With grandpa’s precious sayings, one inherits his fragile hips too. It might sound dubious but is undeniable, scientifically. In a study that looked at 3,700 grandparents and their grandsons, 270 of the grandsons had low bone density. The 270 people were further divided into two groups. While one group was checked to see if their grandmothers had broken a hip ever, the other group was checked for the same in grandfathers. The study found that men whose male relatives had suffered from broken hips had five per cent lower bone density and four per cent smaller bones than those who did not.
These people were more prone to the bone disease osteoporosis which, in turn, increases risk of broken bones and fractures.
Journal of Clinical Endocrinology and Metabolism, January 15, 2010
A nuclear explosion on Earth gave birth to the moon, says a new theory. It critiques the prevalent theory which says a cosmic collision had caused an outsized chunk to break away and form the moon. But if that were indeed so, a compositional analysis of the satellite would have shown materials from the impacting rock and the earth. But the moon shows complete compositional similarity to its mother planet. Therefore the study theorized that an excess of radioactive matter on the earth’s surface let off a nuclear fission reaction that reached enough magnitude to blast a part of the earth off as the moon. The natural satellite does have richer reserves of uranium and thorium.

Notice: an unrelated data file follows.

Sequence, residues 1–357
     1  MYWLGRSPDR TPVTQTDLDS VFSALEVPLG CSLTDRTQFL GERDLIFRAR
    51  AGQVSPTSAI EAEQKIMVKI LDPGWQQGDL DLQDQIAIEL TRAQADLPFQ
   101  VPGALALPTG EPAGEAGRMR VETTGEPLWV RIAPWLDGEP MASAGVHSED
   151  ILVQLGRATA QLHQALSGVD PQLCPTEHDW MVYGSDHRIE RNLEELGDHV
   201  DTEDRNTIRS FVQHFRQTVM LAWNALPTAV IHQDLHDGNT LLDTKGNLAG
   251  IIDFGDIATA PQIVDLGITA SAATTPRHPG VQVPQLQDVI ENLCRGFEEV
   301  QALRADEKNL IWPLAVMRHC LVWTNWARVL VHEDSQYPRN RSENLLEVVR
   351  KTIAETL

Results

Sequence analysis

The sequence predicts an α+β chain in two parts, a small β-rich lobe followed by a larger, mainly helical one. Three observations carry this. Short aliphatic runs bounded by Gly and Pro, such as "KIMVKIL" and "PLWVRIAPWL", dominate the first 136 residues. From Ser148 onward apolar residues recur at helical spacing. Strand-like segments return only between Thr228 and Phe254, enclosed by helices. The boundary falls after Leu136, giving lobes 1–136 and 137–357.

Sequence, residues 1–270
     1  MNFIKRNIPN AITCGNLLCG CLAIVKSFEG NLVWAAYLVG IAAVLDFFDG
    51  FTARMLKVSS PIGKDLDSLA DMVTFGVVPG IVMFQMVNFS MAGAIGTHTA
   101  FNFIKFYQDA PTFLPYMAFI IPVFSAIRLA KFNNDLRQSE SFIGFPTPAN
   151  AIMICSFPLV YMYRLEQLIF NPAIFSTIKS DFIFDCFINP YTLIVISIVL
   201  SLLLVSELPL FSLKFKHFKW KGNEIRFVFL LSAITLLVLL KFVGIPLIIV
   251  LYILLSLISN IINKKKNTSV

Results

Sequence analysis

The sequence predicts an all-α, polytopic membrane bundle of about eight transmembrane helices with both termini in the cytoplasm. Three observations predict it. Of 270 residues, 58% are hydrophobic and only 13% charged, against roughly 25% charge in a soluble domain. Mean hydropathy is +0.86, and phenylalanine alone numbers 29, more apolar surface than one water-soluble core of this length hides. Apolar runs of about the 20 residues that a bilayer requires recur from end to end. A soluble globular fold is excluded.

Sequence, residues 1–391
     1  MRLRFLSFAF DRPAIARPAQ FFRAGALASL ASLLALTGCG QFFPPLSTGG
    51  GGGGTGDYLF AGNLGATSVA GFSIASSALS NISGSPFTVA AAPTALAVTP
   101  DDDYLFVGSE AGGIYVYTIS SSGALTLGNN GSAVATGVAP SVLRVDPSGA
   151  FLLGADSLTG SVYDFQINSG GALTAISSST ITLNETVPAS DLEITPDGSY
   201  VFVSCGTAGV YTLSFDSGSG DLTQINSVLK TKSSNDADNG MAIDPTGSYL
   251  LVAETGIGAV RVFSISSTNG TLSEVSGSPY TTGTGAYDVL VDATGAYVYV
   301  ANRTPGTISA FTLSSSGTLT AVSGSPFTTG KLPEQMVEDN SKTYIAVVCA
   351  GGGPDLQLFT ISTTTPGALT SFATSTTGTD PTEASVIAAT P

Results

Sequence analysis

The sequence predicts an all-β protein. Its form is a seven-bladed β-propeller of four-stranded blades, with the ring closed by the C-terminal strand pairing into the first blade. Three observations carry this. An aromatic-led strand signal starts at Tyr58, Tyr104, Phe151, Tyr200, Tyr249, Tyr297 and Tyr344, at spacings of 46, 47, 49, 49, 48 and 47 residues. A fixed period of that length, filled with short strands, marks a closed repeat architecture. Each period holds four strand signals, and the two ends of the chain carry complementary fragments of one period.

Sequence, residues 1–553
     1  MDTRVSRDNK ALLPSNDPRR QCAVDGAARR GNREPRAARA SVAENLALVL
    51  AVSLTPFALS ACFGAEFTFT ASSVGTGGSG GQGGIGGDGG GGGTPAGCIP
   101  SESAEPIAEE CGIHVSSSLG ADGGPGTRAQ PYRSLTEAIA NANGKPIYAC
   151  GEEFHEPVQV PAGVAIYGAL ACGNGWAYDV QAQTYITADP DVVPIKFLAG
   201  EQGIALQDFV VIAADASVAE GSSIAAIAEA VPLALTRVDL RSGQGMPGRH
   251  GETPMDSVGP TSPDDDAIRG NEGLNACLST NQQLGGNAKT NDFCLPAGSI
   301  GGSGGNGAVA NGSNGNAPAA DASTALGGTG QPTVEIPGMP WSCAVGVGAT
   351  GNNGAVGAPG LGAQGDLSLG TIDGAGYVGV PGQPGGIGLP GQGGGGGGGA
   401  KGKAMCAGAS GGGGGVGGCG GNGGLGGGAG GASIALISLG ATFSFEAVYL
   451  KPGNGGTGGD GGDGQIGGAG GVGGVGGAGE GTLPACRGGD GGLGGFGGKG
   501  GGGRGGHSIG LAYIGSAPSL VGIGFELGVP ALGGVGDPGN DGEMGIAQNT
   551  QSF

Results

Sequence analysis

ArXiv.org, January 24
Not early enough
Fears about birds unable to start their migration with the early onset of seasons can be laid to rest. As spring moves up the calendar they take a rain check on their migration dates. But although they start early, they do not reach their destinations early. Take the pied flycatcher. It lives in northern Europe, travels to west Africa for the winters and is back to breed. After winters the African region is very dry; several birds perish on the return journey. Some gather just enough resources to reach Europe which is still snow-covered meaning insects, their food, are yet to come out of hiding. In warmer areas, the birds get no time to rest before breeding begins. Current Biology, January 28, 2010
Rice plants are turning sterile in harsher winters. This is bad news for millions in the tropics. A team of scientists has released maps of rice production in high-altitude areas of cold temperate zones and the tropics that are facing this problem. In Korea and several Africa countries, rice researchers and farmers are already at work, collaborating to develop cold-resistant rice varieties.
Rice Today, January-March, 2010
A fire’s secret
Another of nature’s ways to maintain balance: a fire that wipes out an entire forest to produce new life. The smoke of a devastating forest fire always carries two compounds (butenolides) with it: a life promoter and a regulator. After forest fires have been extinguished, the seeds that abound on forest floors take over to repopulate the burnt forest. The regulatory chemical in the smoke keeps a check on these seeds and lets them germinate only when there is enough moisture in the atmosphere again. Once the seeds have germinated the promoter chemical takes over to ensure a rapid re-growth of the forest.
Journal of Natural Products, January 2010
Bees remember faces